The value of the Context Boston tour to me was this insider's view and the easy knowledge our resident expert had. He could not be stumped by any question (and I did try to stump him.) The very little he did not know, he would admit to and give us some other related tidbit that tied perfectly in to my questions. The guide could change directions on the fly. He tailored his tour to our interests, at first giving us some basic information and then ratcheting up the depth of his colorful descriptions when he realized that we had some historical knowledge of the area. The information he provided us ran the gamut from the 1600s to the present day and included multiple ethnic groups, who I pictured arriving on these shores pushed by the waves of the Atlantic. We talked about architecture, religion, city planning, business, and every other topic that relates to the development of a community. There was no script for our guide. He asked what we wanted to view (everything) and what we wanted to know (everything). He led the way, making sure to get in the necessary history to give us a good framework for understanding the subject, but also going off on the tangents we wanted. He was never rushed, but yet managed to finish the tour in the three hour time frame.

The story of the North End of Boston could be the story of any immigrant area in the United States, but the uniqueness of this particular community was made clear. Its early colonial history remains highly visible in the presence of Paul Revere's home and the Old North Church. It's African American roots are less visible up at the Copp's Hill burial ground. The legacy of its former Irish inhabitants are there in its street signs, old churches, and buildings once frequented by Kennedys. Our tour guide recalled the memories of the area's Jewish residents on streets where synagogues once stood. He even pointed out the last Jewish business owners in town to us. All the immigrant histories overlapped and all were neatly woven back and forth along the threads of time. The information we were given raced back and forth along the community's chronology as we rounded neighborhood corners and examined the architecture, objects, man-made and natural topography of the North End.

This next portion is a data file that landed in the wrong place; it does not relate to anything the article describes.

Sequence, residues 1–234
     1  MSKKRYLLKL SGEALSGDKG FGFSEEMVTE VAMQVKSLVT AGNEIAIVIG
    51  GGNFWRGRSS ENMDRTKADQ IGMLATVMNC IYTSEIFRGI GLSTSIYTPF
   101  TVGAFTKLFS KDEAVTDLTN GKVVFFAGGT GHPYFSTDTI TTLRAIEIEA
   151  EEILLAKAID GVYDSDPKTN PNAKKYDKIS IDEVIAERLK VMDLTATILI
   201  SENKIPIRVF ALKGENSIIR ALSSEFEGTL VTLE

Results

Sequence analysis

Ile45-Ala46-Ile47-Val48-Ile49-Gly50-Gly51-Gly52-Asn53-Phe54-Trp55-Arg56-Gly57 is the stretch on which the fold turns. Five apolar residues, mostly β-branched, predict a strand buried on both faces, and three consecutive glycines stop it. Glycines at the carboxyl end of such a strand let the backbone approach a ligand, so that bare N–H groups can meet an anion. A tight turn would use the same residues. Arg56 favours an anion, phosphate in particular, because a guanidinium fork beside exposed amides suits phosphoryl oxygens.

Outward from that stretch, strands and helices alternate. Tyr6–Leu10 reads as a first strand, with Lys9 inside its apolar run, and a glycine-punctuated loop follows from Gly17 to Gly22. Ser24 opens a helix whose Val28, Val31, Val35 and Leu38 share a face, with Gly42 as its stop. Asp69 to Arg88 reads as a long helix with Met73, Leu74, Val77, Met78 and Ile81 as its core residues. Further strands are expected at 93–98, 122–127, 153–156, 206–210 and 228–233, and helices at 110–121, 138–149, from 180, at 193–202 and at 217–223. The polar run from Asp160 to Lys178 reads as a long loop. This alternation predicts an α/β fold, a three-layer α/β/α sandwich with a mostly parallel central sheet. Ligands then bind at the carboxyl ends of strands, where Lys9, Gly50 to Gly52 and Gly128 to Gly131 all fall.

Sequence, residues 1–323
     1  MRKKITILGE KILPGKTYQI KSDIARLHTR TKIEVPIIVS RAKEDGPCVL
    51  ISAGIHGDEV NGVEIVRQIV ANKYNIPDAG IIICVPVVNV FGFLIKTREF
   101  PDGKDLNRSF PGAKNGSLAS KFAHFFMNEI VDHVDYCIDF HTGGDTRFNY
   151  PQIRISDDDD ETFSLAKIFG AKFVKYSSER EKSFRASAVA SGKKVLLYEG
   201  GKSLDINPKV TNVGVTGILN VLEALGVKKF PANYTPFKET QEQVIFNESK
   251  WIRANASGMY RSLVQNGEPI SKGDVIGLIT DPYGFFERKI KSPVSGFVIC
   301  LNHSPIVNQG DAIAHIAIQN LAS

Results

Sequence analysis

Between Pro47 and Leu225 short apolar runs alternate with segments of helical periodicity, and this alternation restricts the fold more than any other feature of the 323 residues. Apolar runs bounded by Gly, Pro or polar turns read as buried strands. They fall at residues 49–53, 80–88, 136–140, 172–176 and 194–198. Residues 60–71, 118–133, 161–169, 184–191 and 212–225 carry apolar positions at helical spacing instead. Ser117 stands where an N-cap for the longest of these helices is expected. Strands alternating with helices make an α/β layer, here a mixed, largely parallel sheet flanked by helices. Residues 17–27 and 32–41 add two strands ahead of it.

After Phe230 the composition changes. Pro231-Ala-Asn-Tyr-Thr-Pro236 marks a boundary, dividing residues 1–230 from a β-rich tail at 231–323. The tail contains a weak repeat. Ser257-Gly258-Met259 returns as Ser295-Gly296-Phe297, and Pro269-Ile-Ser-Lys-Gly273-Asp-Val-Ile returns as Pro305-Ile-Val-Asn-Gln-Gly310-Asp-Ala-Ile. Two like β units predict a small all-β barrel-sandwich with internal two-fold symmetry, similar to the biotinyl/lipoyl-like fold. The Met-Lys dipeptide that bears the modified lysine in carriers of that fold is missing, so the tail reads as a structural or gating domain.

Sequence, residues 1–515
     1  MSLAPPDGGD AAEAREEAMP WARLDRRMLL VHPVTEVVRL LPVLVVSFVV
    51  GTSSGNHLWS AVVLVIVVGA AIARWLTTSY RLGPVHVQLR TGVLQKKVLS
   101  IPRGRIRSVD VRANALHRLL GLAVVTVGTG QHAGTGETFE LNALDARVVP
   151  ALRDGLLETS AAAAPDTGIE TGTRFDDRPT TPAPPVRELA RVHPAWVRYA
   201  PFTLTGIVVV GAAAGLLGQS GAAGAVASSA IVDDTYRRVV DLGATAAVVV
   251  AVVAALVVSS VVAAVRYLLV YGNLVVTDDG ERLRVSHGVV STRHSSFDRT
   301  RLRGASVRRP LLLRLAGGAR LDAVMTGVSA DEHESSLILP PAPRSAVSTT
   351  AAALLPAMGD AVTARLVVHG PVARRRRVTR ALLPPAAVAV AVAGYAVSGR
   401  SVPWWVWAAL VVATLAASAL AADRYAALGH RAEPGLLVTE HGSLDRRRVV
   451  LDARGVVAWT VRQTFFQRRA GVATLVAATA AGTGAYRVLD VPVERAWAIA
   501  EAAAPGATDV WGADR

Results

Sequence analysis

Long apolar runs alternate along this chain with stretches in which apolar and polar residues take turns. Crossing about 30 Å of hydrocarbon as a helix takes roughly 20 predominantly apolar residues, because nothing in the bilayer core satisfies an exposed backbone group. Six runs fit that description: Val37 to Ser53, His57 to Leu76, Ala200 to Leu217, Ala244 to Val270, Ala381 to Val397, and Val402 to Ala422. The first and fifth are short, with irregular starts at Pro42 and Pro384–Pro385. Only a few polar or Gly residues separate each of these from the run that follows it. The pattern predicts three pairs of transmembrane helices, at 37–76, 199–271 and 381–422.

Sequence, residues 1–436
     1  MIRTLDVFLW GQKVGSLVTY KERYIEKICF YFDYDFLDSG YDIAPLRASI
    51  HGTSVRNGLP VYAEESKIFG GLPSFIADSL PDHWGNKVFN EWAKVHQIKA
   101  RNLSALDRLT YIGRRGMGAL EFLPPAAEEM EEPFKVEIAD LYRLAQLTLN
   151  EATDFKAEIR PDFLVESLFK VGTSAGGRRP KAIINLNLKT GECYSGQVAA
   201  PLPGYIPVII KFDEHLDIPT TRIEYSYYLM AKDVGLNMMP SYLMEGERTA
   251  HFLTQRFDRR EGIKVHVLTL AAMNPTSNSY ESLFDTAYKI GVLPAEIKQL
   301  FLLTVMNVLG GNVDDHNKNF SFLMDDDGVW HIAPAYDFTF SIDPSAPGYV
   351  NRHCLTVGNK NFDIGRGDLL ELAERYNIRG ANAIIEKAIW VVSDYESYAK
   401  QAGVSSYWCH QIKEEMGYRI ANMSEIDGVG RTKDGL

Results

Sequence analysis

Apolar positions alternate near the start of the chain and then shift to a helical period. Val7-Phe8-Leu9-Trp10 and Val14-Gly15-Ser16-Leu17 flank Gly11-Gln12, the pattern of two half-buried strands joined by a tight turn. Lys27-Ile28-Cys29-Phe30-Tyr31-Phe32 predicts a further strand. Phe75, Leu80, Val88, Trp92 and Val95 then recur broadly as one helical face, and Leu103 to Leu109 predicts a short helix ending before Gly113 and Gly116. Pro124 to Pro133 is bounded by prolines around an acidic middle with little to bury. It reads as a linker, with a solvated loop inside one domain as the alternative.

Though not one to take any old tour, I will again take one with Context. I have invited my husband to join me to discover the Brahmins of Boston in the spring and will seek out their tours in other cities that I visit. Their program was more of a college course by foot than the typical historical tour I've experienced in the past. I wandered the streets of Boston with an art history professor in my younger days, when everything was exciting to me and the teacher made every building come to life. Context Boston is on par with that experience of my youth. I would highly recommend it to anyone interested in gaining a full understanding of a community and its history.
For more information about my tour and for more images of Boston's North End see ArchivesInfo on Facebook